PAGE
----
While his work has received many honors, receiving a regional Emmy brings a special sense of pride. “I think it’s the highest honor you can receive in the business,” he said. “Of all the awards, the regional Emmys are the only ones where a jury of your peers votes on your work. That gives you justification that what you are doing is right.”

Following a dream

If you are a fan of ACC or SEC sports, you have seen Dave Barringer’s talent. Barringer is a producer for Raycom Sports.

A combination of perseverance and taking opportunities to develop his editing skills helped Barringer land a job videoing and editing sports. “It was extremely difficult to find work after I graduated,” he said. “I did not know anyone in the business. It’s hard to get started in a business where everyone wants to work.”

Barringer took a job as a master control operator at a small television in Lexington, N.C.  For fun, he would make music videos from NBA playoff games he had recorded and send them to Jefferson-Pilot Spots, now Raycom Sports.

He next worked for Sunbelt Video in Charlotte, but he kept sending in tapes to Jefferson Pilot. “That (sports production work) is what I always wanted to do,” Barringer said.

He got his chance in 1990, first working for Jefferson-Pilot Sports, then with NASCAR’s DVD development department.

“I worked my way up from features to live, 30-minute pregame shows and three years later was line producing the pregame show,” he said. Barringer now is a producer for Raycom Sports working out of a 50-foot long production truck. He calls the shots to camera operators, play-by-play announcers and others, and decides what shots to run during replays.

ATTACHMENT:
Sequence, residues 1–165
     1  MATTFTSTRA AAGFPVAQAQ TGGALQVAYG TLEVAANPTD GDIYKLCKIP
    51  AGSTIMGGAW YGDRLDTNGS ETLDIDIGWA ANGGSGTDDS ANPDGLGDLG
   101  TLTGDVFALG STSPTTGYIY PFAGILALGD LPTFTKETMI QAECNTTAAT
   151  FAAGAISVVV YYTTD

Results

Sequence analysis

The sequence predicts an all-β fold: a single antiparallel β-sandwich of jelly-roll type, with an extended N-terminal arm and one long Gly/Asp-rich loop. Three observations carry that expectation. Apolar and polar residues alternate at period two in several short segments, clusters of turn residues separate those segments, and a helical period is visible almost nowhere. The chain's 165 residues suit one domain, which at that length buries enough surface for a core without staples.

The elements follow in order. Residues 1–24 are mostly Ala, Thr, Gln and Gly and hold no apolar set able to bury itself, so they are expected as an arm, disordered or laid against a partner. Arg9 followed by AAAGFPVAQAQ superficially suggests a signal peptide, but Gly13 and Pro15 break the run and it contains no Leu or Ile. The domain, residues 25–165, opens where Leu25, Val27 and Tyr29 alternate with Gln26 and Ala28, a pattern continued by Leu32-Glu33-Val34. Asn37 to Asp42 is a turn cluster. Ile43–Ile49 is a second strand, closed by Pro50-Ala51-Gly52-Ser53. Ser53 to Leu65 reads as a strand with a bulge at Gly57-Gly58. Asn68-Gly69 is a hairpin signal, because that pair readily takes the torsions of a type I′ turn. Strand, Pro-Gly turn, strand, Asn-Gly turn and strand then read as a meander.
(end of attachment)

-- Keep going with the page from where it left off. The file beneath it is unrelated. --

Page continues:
The music videos Barringer created while working in Lexington have brought him full circle in his career. “I am a big believer that you can’t just have sports these days, you have to have entertainment mixed in with it,” he said.

He has created music openers for college football and basketball telecasts featuring performers such as Brooks and Dunn, Ricky Scaggs, Sugarland, Rascal Flats and others. His sports intro with the music group Daughtry performing “Crashed” won two regional Emmys. The third Emmy was for a program called “Football Saturdays in the South.”

The manager for Daughtry liked Barringer’s work so well that he asked him to edit a full-length music video of the band performing “Crashed.” It can be seen online at http://myplay.com/video-player/daughtry/?bcpid=335995747&bclid=335998912&bctid=1342099806.

Advice for the next generation

Despite their busy schedules, Fulp and Barringer provide counsel and advice to students in Appalachian’s Department of Communication through their involvement with the department’s alumni council.

Fulp returns to Appalachian times each year to talk to communication classes. WTVI also provides internship opportunities for communication majors.
“There are so many things to let students know,” Barringer said. “You have to fight hard to get an opportunity, and when you do, you have to be prepared to do anything and everything anyone asks you to do. If you do a good job, you will be asked back.”